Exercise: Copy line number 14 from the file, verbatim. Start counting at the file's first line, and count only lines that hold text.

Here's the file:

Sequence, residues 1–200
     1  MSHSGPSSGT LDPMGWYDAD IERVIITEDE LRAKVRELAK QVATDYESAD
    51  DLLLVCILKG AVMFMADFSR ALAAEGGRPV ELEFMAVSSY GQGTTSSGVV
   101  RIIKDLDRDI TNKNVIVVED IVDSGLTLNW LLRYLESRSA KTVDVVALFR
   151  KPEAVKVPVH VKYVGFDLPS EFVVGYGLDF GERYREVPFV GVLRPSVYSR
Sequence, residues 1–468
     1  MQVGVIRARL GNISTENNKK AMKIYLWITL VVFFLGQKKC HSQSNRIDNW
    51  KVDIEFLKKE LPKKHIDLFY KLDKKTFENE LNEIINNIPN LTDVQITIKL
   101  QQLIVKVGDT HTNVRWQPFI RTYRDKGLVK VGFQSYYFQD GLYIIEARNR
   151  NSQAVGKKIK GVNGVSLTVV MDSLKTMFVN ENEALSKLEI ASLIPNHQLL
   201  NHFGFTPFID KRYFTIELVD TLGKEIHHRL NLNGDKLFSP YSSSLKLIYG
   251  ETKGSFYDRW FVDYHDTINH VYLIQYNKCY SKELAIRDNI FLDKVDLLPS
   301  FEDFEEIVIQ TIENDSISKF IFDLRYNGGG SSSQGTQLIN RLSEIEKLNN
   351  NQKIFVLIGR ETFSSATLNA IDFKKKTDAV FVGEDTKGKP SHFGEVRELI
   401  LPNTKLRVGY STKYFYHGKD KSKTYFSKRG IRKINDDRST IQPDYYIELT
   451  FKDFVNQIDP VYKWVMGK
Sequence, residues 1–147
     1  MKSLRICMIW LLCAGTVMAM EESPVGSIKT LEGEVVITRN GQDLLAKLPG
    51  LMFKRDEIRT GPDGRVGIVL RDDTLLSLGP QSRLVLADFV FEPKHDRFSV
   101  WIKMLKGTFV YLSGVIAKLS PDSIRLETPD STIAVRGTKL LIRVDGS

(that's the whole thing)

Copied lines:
   351  NQKIFVLIGR ETFSSATLNA IDFKKKTDAV FVGEDTKGKP SHFGEVRELI